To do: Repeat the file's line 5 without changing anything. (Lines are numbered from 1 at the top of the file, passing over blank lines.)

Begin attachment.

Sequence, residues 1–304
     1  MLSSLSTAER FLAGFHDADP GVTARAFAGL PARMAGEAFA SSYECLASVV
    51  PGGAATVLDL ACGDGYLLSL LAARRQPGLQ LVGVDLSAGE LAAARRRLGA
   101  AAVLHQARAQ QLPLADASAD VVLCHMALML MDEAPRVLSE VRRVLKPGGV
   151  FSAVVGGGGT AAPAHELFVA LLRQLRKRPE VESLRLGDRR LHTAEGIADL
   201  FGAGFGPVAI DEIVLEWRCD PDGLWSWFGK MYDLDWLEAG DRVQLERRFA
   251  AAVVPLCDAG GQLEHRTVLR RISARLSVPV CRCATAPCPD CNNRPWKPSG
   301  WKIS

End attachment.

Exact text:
   151  FSAVVGGGGT AAPAHELFVA LLRQLRKRPE VESLRLGDRR LHTAEGIADL